Mori Art Museum in Roppongi Hills

There’s a lot to do in Tokyo. You can cycle, walk through various parks, shop, go to temples, sit on the terrace (something that Malaysia doesn’t have), eat sushi and udon endlessly, look at the different people and you can visit museums. This last thing was on my program and so I took the subway to Roppongi Hills and visited the ‘Mori Art Museum‘.

Observatory deck

We’d been to Roppongi Hills during the weekend. There was the ‘Bon Festival’ in the arena. This is a modern part of Tokyo with lots of designer shops and an observatory deck to look out over the city. It’s only possible to visit the deck if the weather is good and you have to pay 500 yen (€5) to take the elevator to the top. When I went, it was raining…

Finding Nemo

The Pixar part was very nice to see and very informative! You were explained step by step how an animated movie is made. From sketching and modeling to the mathematics involved and swimming in the ocean for research. They did this with the film ‘Finding Nemo’ because they wanted to know how the underwater world works and where the light comes from. Super interesting and also very complicated! For every pixel in a scene, it can take hours to edit. For example, a balloon in the film ‘Up’ is blue, but what kind of blue? A balloon can contain dozens of different colors of blue. Also for children, this part was very nice, because you could experiment with for example decorating the kitchen from the movie ‘Ratatouille’.

Coffee

After reliving childhood, what do I say, these films I still like very much, it was time for serious work. A cup of coffee! I had to point out some kind of picture on the menu and when my drink was delivered, this picture was on my coffee. I was impressed and wondered how they could paint this creature in the coffee so quickly. Later it turned out, before I took a sip, that this was a very thin plastic layer. A little less impressed, but a good coffee for €8,50….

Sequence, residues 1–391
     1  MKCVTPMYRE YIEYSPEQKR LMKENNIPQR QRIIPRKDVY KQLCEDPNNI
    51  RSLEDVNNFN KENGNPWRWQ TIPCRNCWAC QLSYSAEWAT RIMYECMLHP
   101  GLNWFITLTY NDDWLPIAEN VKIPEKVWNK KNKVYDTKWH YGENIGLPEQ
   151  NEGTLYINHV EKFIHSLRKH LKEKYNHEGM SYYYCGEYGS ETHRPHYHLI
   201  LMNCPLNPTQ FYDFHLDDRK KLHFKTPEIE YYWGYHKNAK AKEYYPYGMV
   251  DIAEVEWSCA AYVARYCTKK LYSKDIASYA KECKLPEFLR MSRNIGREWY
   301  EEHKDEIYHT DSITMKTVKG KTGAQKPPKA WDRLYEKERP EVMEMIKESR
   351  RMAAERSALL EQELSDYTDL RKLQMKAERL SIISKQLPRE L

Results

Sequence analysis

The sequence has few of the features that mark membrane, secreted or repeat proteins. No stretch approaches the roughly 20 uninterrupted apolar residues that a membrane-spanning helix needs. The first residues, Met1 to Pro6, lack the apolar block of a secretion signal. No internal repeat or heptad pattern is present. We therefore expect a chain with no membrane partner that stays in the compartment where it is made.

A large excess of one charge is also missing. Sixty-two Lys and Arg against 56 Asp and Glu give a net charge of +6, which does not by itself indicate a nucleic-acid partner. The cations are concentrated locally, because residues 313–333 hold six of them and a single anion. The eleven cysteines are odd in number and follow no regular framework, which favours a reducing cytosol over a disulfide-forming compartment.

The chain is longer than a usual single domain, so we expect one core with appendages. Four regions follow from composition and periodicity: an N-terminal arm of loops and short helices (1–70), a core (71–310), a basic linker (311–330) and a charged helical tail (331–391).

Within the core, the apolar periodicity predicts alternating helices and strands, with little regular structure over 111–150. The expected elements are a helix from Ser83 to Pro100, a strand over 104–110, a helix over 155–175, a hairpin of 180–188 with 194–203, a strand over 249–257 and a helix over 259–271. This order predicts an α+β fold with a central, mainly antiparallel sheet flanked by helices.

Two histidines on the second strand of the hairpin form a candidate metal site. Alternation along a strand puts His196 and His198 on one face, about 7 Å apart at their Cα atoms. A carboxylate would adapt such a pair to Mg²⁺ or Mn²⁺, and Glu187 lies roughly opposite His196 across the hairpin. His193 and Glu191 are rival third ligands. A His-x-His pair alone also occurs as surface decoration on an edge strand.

Queue

The rain was actually a welcome surprise, now I could be inside during the rain and still see all kinds of things. You don’t have to order tickets for this museum in advance, but this is handy. I didn’t do this and arrived on Tuesday at three o’clock in the afternoon. The queue was 40 minutes and the museum was only open until five so it didn’t make much sense anymore to visit the museum. The next day I went back and the queue was only ten minutes. Despite Tuesday, the museum is open every day from ten to ten o’clock.

Pixar

Adults pay 1800 yen for a ticket, which is about €18. If you are still a student, you pay 1200 yen, €12. I look like the eternal student (read: I showed my old student card) and got the student discount. From April to October 2019, you can also visit the free exhibition ‘Pixar‘. I always have the feeling that a free exhibition is a lot smaller than the real exhibition you originally came for. This is certainly not the case with Mori Art. I picked up the phone everywhere to listen to the story (all the signs were only written in Japanese and when you got the phone, a voice in English started to talk to you) and took my time. It turned out that the Pixar exhibition did not take up one room, but five rooms. I realized this quite late and then I walked through it a bit faster, because I also had to look at the other part of the museum.

Red and black threads

Going on to the exhibition of the work of Shiota Chiharu. She lives in Berlin and is known for installations that express the intangible, such as fear, dreams, memories and silence. In the Mori Art Museum, you will find her largest exhibition so far. The public knows her mainly because of the enormous installations consisting of red and black threads stretched across entire spaces. And that was what this entire museum was full of. A large room with nothing but red threads and another room where there was only a piano with black threads on top of it. Very special to see and you might wonder how they managed this, without everything getting tangled up.

Exhibition

This museum is worth a visit. Not only is the exhibition of Shiota Chiharu impressive, but also the Pixar part is very nice to see. You can easily walk around for a few hours without being bored. Have a nice cup of coffee in the museum café, but don’t forget to remove the plastic layer!

Mori Art Museum in Roppongi Hills